“That just shows you,” said the indefatigable Murray Walker once upon a Grand Prix, “how important the car is in Formula 1 racing.” A statement that continues to hold true, at least far more true than “I should imagine that the conditions in the cockpit are totally unimaginable.” Which he also said. The question is of course will teams, sponsors, drivers and fans be happy racing for less than first place? Is being the best of the rest enough? Lamentably perhaps, it probably is.
The vast sums of money that swirl around the F1 circus, the publicity and exposure, the media coverage and of course the live racing audience, will continue to be a big draw, even if drivers further down the pecking order have to get used to being asked their opinion of the Hamilton/Rosberg duel up front. Perhaps one of the more forward thinking will point out to the vultures from the press that no team dominance lasts forever and neither does a driving career.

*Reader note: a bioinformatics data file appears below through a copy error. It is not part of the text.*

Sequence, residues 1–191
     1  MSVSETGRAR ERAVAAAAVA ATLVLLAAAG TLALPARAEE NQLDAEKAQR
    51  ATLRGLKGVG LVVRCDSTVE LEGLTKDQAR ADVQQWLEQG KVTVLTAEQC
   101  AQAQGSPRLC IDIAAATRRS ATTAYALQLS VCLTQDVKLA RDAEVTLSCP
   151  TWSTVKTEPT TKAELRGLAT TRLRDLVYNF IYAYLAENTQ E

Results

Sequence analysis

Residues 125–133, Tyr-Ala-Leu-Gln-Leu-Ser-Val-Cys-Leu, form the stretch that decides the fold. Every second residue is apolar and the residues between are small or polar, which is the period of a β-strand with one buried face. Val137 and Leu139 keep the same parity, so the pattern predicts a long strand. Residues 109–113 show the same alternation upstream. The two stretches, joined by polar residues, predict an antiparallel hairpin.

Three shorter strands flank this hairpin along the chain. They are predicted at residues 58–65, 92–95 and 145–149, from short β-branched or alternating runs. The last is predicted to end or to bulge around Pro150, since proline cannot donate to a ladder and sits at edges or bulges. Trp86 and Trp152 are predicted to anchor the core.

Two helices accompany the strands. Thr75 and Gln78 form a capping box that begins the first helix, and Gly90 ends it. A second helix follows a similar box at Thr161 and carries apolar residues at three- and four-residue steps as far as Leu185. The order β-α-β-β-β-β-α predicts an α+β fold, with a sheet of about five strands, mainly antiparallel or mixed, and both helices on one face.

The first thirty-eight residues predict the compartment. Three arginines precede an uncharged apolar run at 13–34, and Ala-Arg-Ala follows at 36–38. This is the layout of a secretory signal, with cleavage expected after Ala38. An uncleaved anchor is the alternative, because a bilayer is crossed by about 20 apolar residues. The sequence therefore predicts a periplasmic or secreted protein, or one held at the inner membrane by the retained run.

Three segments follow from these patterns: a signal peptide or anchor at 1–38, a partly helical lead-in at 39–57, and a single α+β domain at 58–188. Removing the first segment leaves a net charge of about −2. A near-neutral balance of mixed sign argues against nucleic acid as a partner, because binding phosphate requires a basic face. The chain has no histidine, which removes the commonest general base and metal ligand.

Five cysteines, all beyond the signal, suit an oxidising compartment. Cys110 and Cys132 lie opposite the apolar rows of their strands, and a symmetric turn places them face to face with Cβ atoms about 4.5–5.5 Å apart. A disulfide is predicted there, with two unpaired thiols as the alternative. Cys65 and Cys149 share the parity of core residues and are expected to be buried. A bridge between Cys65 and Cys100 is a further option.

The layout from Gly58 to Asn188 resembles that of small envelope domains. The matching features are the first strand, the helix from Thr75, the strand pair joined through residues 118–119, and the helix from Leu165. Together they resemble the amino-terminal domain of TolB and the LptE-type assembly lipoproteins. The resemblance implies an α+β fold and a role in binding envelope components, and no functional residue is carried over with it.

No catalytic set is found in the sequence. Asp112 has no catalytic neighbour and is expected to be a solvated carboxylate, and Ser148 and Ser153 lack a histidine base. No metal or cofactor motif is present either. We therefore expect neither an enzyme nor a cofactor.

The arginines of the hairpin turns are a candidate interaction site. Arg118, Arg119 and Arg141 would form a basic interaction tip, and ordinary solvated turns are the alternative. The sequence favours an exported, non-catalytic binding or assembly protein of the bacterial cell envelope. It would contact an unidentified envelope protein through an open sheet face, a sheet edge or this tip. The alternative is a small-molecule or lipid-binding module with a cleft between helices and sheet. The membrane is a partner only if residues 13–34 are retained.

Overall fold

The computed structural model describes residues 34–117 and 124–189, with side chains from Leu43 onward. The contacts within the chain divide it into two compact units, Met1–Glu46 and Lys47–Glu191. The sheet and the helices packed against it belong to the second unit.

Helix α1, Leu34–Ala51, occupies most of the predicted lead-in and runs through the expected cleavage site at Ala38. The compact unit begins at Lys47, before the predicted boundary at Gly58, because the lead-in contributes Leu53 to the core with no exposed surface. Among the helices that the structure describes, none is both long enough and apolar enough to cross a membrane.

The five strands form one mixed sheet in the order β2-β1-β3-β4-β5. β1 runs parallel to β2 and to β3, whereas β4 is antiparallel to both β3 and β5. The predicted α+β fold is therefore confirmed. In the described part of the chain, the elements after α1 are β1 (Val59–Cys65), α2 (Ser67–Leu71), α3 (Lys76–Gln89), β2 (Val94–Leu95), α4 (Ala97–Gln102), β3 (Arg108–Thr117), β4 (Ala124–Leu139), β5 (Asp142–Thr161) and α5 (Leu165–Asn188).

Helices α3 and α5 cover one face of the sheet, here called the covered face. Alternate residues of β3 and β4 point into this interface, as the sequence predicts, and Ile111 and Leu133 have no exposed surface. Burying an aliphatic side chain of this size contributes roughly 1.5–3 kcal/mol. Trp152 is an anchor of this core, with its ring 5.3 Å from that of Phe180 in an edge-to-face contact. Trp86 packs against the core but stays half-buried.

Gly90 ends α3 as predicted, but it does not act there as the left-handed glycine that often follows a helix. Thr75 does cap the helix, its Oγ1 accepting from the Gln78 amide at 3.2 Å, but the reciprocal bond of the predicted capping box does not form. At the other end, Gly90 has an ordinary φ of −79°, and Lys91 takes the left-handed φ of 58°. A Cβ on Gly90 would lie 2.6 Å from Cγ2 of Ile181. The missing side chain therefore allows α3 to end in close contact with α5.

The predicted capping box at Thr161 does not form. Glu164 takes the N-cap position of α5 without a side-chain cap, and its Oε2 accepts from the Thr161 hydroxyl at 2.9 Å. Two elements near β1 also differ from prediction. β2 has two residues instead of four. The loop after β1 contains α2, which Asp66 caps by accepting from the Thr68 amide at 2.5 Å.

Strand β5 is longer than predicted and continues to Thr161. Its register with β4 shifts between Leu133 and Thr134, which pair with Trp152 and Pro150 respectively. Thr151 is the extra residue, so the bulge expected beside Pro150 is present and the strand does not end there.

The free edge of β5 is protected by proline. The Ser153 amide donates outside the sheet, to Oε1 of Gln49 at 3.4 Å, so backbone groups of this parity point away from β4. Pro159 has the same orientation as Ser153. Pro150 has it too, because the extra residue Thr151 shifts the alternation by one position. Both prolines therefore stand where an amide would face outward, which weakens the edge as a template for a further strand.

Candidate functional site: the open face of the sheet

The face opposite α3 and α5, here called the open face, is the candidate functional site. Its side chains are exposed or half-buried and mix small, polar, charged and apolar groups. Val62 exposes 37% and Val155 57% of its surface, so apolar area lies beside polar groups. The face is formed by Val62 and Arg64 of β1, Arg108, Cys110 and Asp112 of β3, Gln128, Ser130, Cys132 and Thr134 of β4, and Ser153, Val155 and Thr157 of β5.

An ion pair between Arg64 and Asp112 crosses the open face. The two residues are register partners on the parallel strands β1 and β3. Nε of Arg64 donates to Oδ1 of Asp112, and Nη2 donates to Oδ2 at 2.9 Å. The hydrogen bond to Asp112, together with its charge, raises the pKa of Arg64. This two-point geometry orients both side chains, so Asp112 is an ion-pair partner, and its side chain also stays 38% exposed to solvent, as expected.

In the short term Formula 1, alas, is destined to be a bit two tier, with Mercedes on top in a league of their own and everyone else in a straggling trailing bunch. This is a ghastly shame because it probably means that anyone taking advantage of Finnish gambling laws in Helsinki this season is likely as not to be betting on a German or a Brit rather than, as they perhaps would in a more car-equal championship, their very own countrymen, Raikkonen and Bottas.